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"Awake, Arise, Or Be Forever Fallen": How Dante and Milton Became My Literary Influences

Updated: Feb 20, 2020

Dante Alighieri

As I finish up my last semester of grad school, I have been working on writing my thesis, which is essentially my final paper for the program. Since I have spent a lot of time thinking about my current thesis, it reminded me of my first thesis, one I completed during my undergrad degree.

My thesis for undergrad was an inspiring and transformative process for many reasons. It proved to me that I could thoroughly research and extensively write about a topic. Prior to this, most things I had written were about 10 pages max. My thesis turned out to be nearly 40. I know 40 pages is hardly anything when writing a novel, but it was a big accomplishment for me at the time since I was taking three classes and working part-time. I also had two of my professors, each from different disciplines, challenging me throughout the entire process. Their constructive criticism was important to my writing because it pushed me to grow and hone my craft.

The words Dante sees before he enters Hell in Inferno.

The biggest takeaway, though, was the subject matter I wrote about. The topic I chose was the evolution of the devil in literature and art. Yes, I know many of you are probably re-reading that sentence to make sure you comprehended it right. In my defense, I did major in English and Art History and minor in Religious Studies, so the topic very much aligned with my studies (as I will explain further down).

There was more to it than just that, though, because ever since middle school, I was fascinated with angels and conducted all kinds of research on my own. I actually have a whole shelf dedicated to books about angels that I used (and still use) for research. These books helped me with planning out my novel, but they also made me want to learn more. In college, I was able to finally dive deeper into learning about angels, yet I quickly realized that the story of the angels is equally wrapped up with the story of the devil, as he was an angel before he fell.

This element intrigued me because it was something most people, and books, did not discuss, although it had been alluded to, particularly in art. Another component in relation to the origin of the devil was the war in Heaven, which was also not mentioned in great detail. Because of this, I couldn't write about these topics for my thesis since there was not a lot of sources on the material. But I was able to write about a similar subject matter, which turned out to be the evolution of the devil in literature and art. I had wanted to include the angels as well, but my advisors told me that would be too much to cover for a thesis.

So, I stuck with my topic, and began my research by reading The Divine Comedy by Dante Alighieri (Inferno was the part I focused on, but I read Purgatory and Paradise too) and Paradise Lost by John Milton. These books turned out to be vital for my thesis because it revealed how the devil was initially described as a monstrous beast by Dante, but was transformed into a sympathetic hero by Milton. This intrigued me further because, why the switch?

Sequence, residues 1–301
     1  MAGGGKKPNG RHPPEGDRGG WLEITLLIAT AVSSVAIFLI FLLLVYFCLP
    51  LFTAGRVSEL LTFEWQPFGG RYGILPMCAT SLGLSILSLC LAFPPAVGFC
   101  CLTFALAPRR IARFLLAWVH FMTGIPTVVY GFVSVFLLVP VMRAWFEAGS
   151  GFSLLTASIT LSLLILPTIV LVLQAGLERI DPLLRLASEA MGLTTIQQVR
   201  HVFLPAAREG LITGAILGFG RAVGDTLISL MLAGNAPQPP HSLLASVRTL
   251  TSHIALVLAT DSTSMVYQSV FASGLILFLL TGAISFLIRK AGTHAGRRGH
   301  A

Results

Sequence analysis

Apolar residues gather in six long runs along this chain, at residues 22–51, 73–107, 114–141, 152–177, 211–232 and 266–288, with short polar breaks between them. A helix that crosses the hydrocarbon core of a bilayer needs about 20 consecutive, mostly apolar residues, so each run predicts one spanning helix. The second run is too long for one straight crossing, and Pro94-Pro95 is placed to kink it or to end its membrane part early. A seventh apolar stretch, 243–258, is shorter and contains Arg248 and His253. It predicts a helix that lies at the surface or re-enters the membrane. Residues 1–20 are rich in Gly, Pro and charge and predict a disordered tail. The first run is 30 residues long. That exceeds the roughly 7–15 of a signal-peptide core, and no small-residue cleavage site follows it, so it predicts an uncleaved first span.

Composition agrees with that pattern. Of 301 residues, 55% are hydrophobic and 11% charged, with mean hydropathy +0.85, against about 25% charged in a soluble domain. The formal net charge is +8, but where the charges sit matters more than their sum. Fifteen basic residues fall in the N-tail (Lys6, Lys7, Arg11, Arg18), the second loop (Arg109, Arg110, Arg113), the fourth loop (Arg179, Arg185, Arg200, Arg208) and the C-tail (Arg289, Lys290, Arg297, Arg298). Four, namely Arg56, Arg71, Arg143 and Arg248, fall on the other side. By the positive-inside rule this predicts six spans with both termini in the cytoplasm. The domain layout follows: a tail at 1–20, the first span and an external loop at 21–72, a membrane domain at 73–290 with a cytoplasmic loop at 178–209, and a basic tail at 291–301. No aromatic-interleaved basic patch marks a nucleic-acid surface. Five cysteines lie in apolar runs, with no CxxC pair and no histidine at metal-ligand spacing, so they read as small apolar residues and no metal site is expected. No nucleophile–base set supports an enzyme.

Left: Gustave Doré, Dante’s Divine Comedy: Inferno: The Judecca - Lucifer, c. 1857, wood engraving, Artstor. Right: William Blake, Satan in his Original Glory, c. 1805, ink and watercolor on paper, Tate Museum.

This idea led me to the artwork of Gustave Doré and William Blake. These artists each illustrated The Divine Comedy and Paradise Lost, and they both followed the same pattern of initially depicting the devil as a monstrous beast and then transforming him into a sympathetic hero. What this made me realize is that literature and art influence and inspire each other, which became a major point of my paper. Some people study literature. Some people study art. When you study them together, you begin to see unknown patterns and connections between them. This is the purpose of a multidisciplinary approach, and I am fortunate enough to have had the opportunity to experience this firsthand in college.

However, when the thesis was done, I realized that there was more to explore about this topic, and perhaps not in an academic way. For this reason, both Dante and Milton inspired me to write about the intricacies between Heaven and Hell in my novel. And, this time, I absolutely was going to include the angels because they were the ones I had really wanted to focus on from the beginning. Essentially, the ideas from my thesis became themes for my story, and Dante and Milton became my influences.

I hope the thesis I am currently writing will be just as good as my other one because I truly poured my heart and soul into writing that first thesis and I am proud of the way it turned out. Maybe someday I will post it on here for you all to read.

P.S. My new thesis is not as shocking as the first one.

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